Financial Empowerment Is Fun: Here’s How to Help Your Kids Build Lifelong Financial Fitness

Most parents understand the importance of talking about money with their kids so let’s look at the following to How to Help Your Kids Build Lifelong Financial Fitness.

According to data crunched by Next Gen Personal Finance, 61% of kids say they speak regularly with their parents about spending and saving. 

For their part, 73% of parents say they have regular money conversations with their kids. The source of the discrepancy isn’t clear, but the fact remains that money is an ongoing topic of discussion in most households.

Talking about money and teaching about money are not exactly the same thing, however.

Parents can understand perfectly well that kids need basic financial literacy skills to thrive in the real world while failing to impart those skills in any sort of lasting way.

They tell kids how to manage money without actually showing them.

That, in turn, does nothing to empower them to take charge of their own finances when they’re ready.

Fortunately, financial empowerment can be a fun way to bring kids and parents closer together.

These six financial empowerment strategies work well for kids of all ages. Parents just might learn a thing or two from them as well.

How to Help Your Kids Build Lifelong Financial Fitness
Use a Financial Fitness App

Anchor your in-home personal finance curriculum with a kid-friendly financial fitness app that teaches lifelong money management skills in a way that actually sticks. 

You have no shortage of options. One building buzz in financially savvy parenting circles is Goalswell, a gamified financial fitness solution that recently closed a funding round led by Andrew Nikou of OpenGate Capital.

Goalswell makes money lessons fun — and does so without all the extra bells and whistles that weigh down some other family-oriented personal finance apps.

Tie Allowance to Specific Chores or Jobs

Whether you’re using a custodial personal finance app or doling out pay the old-fashioned way (in cash), be sure to tie your kid’s allowance to specific jobs around the house.

These can be one-off gigs, like cleaning out the garage, or recurring to-do’s, like mowing the lawn.

As long as the pay is market-based and the jobs age-appropriate, this goes a long way to teach the value of a dollar.

Teach Kids to Balance a Checkbook (Yes, Really)

Now that most of us bank online, balancing a checkbook is something of a lost art.

And yet this simple exercise is still the best way to help younger kids apply the arithmetic skills they’re just mastering in a very practical way.

Think of it as a win-win: a visual aid to impart sensible spending and saving habits and a sneaky way to get in some extra math reps.

Open a Custodial Bank Account Early On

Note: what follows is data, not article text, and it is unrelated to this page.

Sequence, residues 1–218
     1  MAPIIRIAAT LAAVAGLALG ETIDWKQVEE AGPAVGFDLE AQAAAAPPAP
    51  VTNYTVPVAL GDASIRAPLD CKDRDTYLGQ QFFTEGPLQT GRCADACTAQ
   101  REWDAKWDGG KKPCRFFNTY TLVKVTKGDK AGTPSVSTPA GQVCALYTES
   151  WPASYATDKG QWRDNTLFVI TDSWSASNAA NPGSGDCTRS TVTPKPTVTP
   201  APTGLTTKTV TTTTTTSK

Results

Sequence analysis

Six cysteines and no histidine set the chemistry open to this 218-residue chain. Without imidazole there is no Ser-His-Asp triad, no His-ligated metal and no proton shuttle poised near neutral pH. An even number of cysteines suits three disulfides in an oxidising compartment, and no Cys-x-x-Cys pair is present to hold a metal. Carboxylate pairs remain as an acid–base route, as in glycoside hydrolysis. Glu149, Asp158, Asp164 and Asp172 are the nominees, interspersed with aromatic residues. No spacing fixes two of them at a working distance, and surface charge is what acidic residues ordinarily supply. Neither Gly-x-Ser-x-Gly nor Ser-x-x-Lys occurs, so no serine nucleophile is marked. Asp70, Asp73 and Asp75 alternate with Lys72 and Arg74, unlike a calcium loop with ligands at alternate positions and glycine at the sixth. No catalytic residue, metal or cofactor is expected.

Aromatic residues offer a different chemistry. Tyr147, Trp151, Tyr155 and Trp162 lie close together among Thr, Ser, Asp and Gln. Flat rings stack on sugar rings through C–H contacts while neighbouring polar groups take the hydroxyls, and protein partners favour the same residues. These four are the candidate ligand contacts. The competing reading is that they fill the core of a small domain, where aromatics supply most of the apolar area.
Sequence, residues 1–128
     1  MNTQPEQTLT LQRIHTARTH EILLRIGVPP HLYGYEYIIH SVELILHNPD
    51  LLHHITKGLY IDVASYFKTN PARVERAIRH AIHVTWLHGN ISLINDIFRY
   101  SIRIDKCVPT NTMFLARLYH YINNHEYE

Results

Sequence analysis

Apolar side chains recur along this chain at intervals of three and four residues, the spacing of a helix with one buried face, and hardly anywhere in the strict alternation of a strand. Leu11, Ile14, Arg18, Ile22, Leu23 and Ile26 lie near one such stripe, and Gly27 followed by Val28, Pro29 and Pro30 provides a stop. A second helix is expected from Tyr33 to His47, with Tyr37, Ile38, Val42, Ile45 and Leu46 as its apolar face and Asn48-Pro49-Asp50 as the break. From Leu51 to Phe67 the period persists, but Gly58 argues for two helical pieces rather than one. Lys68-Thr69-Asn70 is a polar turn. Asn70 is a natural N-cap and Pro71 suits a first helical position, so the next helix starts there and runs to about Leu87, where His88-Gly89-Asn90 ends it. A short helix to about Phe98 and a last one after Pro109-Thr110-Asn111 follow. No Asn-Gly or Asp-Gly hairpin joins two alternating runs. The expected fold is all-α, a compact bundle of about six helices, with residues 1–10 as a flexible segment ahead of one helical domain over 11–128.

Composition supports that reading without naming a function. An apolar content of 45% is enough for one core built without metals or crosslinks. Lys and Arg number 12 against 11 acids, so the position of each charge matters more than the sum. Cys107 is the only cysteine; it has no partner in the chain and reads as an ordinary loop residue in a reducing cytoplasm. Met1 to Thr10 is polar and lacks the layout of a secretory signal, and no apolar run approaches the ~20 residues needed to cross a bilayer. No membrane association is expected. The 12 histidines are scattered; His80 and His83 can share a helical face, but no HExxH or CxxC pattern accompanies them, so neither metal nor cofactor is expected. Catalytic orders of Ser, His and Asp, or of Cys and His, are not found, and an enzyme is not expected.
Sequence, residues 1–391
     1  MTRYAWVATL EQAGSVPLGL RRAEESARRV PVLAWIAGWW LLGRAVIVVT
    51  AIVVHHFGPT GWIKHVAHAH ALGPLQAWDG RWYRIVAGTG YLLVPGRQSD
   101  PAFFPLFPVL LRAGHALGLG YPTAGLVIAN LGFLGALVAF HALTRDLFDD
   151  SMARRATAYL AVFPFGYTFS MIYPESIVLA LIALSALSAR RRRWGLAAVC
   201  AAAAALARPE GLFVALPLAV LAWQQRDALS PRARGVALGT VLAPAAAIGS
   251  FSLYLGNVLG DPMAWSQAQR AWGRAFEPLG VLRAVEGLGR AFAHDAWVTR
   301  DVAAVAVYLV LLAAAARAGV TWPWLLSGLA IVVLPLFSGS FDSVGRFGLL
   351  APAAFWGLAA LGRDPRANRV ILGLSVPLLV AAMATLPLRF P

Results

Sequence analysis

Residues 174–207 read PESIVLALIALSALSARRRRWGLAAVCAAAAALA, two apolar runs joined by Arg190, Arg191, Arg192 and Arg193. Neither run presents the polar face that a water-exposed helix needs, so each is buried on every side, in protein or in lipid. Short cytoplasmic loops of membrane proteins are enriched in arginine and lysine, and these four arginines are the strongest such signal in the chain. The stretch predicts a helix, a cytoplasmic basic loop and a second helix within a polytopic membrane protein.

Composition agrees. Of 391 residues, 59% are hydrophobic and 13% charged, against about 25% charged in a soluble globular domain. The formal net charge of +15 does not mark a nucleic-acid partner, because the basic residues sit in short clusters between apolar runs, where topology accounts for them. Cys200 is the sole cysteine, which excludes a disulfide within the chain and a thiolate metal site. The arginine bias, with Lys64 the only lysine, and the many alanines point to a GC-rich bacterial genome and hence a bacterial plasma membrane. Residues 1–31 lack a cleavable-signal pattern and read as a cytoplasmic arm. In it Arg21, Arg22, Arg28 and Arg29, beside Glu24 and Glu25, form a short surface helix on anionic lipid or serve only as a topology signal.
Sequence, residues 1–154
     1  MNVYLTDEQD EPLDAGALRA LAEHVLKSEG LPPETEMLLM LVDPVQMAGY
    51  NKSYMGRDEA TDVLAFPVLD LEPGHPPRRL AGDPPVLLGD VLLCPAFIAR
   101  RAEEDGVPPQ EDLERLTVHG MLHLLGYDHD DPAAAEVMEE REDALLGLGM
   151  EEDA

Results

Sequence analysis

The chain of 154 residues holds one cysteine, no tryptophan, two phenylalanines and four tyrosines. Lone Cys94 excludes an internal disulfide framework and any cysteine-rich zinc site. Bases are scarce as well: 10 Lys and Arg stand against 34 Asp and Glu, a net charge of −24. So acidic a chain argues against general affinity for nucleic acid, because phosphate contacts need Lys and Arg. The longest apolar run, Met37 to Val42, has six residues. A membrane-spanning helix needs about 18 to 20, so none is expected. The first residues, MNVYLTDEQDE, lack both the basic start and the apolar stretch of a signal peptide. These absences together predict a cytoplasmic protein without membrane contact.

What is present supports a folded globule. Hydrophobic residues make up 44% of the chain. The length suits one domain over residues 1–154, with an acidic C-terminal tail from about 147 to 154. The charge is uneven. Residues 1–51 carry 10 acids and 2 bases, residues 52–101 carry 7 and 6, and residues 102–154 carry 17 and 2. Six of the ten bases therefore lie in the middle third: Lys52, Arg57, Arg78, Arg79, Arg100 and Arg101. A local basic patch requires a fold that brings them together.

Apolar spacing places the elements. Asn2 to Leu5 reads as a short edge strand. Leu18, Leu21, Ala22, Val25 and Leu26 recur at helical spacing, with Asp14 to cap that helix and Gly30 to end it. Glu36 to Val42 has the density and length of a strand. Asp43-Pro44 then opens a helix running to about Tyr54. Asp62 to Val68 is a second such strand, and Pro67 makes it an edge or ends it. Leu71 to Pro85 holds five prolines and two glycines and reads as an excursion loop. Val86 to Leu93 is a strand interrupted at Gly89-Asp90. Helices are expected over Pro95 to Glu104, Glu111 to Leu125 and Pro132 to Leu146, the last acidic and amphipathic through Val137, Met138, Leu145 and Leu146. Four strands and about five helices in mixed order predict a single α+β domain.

Cash is convenient, but a full-fledged bank account is better.

Use your money transfer app of choice to deposit allowance and odd-job payments into the account.

Later, when your kid is old enough to work out of the home, help them set up direct deposit.

In the meantime, get them comfortable with the bank’s online and mobile banking interfaces.

Open a Custodial Investment Account or Paper Trading Account

No, don’t give them the keys to your brokerage account.

But do hold their hand as they experiment with basic securities trading strategies, either with small amounts of their own money or through a risk-free paper trading platform.

They’ll need to know how to navigate the market eventually.

Involve Older Kids in Household Financial Decisions

You might artfully describe this as “taking counsel” from your teenager on household financial decisions.

Without giving them final say on anything, you’re giving them a peek at the process.

This is especially important for decisions that affect them, and decisions that they participate in that also happen to have a financial dimension — like which colleges to apply to. 

Financial Fitness: A Lifelong Skill

Like most other skills, financial fitness requires regular practice.

Much as we’d all like to check out and not think about money for a year or two, that probably wouldn’t be a great move in the long run.

Those of us fortunate enough to have a strong base of financial knowledge find it easier to stay on top of our finances day in and day out.

More importantly, we take joy in it — or at the very least don’t mind doing it.

Even if personal finance doesn’t come naturally to you — maybe because your parents didn’t take a proactive approach to financial literacy education at home — you can still set your kids up for lifelong financial fitness.

Download a financial fitness app. Teach your kids to balance a checkbook and trade stocks.

Involve older children in household financial decisions without giving them the final say. 

Odds are, your kids will enjoy these activities in the moment. And it’s all but certain they’ll thank you later for taking the time now.

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